Film History Essentials: Annabelle Serpentine Dance (1895)

What it’s about:

Annabelle Moore performs a dance in a flowing dress, twirling and swinging the fabric to create a hypnotic pattern, and then prancing in a circle with the costume spread like wings behind her.

Why it’s essential:

A Chicago native, Annabelle, like several of the earliest Edison kinetoscope performers, made her name in America at the Chicago World’s Fair. However, at barely 15, she was certainly the youngest of that group. Born Annabelle Whitford, she would later go by Annabelle Moore, but she was often billed only as “Peerless Annabelle.” Like Cher, Madonna, or Beyoncé, she was widely-known by her first name alone. She is likely only 16 in this film, shot in the summer of 1895, but she was already a familiar face at the Black Maria studio, and this is her 5th or 6th appearance before the kinetograph.

All of her films include her name and the name of the dance she is performing for the 15-20 second standard kinetoscope runtime. None of them particularly stands out from the others, except (for obvious reasons) this one. The third of her four filmed “serpentine dances” is in glorious, hand-tinted color. Her dress is all yellows and oranges at the beginning and the end, with flashes of crimson appearing here and there, and changes in the middle to a striking lavender. Each print of this film that went out would have been painstakingly colored by hand, one image at a time, for all 45-50 feet of film. There are some indications that this may not have been the first film to apply this process, but as far as we know, it is the oldest surviving example of a live-action film with color.

At first glance, it may seem as though this is also an early example of a film employing a visual effect that could not be reproduced in a live performance. After all, a dress would not change colors on-stage before the audiences’ eyes, right? The serpentine dance, it turns out, was developed in 1891 by actress, dancer, and choreographer Loie Fuller (see right). Fuller developed her own system of multi-colored stage lighting that not only made the billowing fabric seem to change color, it also reportedly produced effects that suggested the appearance of flames, flowers, and other images from nature.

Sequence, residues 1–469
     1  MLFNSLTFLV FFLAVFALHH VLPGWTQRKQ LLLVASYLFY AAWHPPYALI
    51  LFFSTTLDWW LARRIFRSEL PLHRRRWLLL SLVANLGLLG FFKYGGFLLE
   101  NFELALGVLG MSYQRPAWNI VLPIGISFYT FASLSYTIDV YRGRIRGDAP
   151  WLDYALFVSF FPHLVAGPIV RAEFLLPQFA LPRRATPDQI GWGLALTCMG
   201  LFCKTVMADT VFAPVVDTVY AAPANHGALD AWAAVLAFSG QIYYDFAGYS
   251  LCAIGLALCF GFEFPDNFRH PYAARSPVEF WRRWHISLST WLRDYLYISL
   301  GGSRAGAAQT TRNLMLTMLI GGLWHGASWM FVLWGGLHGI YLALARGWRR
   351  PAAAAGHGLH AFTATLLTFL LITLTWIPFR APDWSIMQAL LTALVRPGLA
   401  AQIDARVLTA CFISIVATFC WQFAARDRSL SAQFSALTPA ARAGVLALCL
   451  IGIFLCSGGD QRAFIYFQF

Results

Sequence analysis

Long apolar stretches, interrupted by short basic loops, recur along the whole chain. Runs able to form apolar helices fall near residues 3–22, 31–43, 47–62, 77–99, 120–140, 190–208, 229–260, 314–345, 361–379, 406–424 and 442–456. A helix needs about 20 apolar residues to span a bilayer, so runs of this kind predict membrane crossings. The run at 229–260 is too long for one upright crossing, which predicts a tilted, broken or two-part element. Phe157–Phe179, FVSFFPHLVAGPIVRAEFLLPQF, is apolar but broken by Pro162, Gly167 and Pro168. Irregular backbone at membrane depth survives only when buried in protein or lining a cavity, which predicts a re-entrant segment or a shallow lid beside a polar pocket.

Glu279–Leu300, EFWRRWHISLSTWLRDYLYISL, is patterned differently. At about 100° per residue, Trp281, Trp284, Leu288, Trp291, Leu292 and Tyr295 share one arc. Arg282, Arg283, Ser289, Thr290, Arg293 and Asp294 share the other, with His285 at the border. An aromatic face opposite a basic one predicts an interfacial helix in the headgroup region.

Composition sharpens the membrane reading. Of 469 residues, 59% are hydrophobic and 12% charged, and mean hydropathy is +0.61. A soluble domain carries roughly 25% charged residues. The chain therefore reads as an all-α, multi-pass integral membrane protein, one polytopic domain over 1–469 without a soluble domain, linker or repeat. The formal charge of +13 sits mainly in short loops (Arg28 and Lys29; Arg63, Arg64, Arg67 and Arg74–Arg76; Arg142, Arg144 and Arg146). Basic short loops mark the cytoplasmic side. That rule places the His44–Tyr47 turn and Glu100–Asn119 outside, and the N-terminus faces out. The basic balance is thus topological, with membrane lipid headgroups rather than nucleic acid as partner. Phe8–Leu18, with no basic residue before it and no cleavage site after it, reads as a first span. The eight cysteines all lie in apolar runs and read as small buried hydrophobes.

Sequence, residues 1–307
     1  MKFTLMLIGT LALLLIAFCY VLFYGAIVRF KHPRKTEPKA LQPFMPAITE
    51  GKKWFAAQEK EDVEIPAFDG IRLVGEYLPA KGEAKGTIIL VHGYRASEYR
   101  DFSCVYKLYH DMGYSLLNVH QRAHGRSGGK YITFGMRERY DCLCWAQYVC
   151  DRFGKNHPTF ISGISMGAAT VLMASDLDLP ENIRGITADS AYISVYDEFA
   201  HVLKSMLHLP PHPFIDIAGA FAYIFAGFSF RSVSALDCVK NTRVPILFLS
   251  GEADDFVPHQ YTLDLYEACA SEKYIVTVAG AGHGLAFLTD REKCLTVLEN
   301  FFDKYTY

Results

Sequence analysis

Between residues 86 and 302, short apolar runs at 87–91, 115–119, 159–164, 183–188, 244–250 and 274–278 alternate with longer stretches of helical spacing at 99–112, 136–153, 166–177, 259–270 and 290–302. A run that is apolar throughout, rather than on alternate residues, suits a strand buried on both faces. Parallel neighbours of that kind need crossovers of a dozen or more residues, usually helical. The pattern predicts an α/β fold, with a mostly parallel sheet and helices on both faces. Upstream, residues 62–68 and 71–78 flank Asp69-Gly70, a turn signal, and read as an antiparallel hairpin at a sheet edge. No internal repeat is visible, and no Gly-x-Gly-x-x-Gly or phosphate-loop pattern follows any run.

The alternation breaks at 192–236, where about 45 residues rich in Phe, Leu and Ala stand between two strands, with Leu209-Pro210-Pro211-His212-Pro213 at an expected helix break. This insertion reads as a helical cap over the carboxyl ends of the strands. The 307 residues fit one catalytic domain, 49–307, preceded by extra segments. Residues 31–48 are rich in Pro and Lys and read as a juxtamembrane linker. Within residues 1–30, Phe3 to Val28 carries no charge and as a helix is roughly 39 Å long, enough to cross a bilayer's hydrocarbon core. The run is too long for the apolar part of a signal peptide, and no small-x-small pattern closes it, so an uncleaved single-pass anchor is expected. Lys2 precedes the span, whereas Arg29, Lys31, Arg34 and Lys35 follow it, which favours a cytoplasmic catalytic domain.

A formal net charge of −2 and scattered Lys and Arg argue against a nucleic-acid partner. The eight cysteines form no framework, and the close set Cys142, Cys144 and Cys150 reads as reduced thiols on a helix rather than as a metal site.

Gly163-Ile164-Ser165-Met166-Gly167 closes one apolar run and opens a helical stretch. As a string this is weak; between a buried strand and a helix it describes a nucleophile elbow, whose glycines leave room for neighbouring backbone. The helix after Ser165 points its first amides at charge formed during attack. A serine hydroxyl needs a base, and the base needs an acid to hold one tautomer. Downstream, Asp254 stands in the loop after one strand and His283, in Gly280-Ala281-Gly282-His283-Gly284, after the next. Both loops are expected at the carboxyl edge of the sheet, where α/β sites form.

Annabelle was one of many popular imitators of Fuller’s signature dance, and when Fuller failed to get the legal or artistic recognition for her creation that she deserved, she departed to tour in Europe. She eventually settled in Paris, where she continued to develop the serpentine technique as well as many other celebrated dances. Meanwhile, the serpentine dance remained hugely popular, and was featured in a few dozen film throughout the next decade and beyond.

As for Annabelle herself, I’ve seen it suggested that the popularity of her films was due to her involvement in a headline-grabbing sex scandal late in 1896. In brief, one of P. T. Barnum’s grandsons attempted to hire her to dance nude at his brother’s bachelor party, and her scandalized agent (who was also her stepfather) reported the party to the police. The police raided the restaurant where this debauched event was taking place, which led to a highly-publicized court case that pitted the attendees’ right to privacy against moral policing standards of the day. (Curious about the outcome? Recall that the defendants were rich and well-connected.)

So, did Annabelle enjoy a sudden surge in popularity because everyone wanted to get a look at the girl who turned down this notorious proposition? It’s possible. But as I said above, by this time Annabelle had already done multiple versions of both the butterfly dance and serpentine dance films, which implies that they were already among the most popular of the kinetoscope’s early films. In fact, she no longer appeared in any new films after 1897, though she continued to enjoy an illustrious career on the stage until her marriage in 1910.

Why you should see it:

Annabelle’s dances, at least those that appear on film, seem to rely more on her energy and charisma than any real technique or skill. I’m no expert on dance, certainly, and all of these examples are, of course, quite short. The style that is on display here is perfectly well-suited to the novelty of early motion pictures, and clearly audiences loved her. However, the contrast between this and other recorded serpentine dances of the era is striking, as we will see. Still, there is something to being the first (on film), and the addition of color makes this something truly special.


~ by Jared on February 7, 2023.

3 Responses to “Film History Essentials: Annabelle Serpentine Dance (1895)”

  1. […] York City that was raided by police. The party was reported to police by the step-father of dancer Annabelle Moore, who had been approached with the same proposition. The name was subsequently adopted by a number […]


  2. […] of this film as a “more oblique [way] of displaying female sexuality,” in contrast with serpentine dances, the coochee-coochee, or even kissing. As tame as it appears now, a scene of girls frolicking in […]


  3. […] these years, it is particularly notable for its use of color, reminiscent of the hand-tinting on Annabelle Serpentine Dance. Here, however, both the coloring and the dance are more sophisticated. It is much more evident […]


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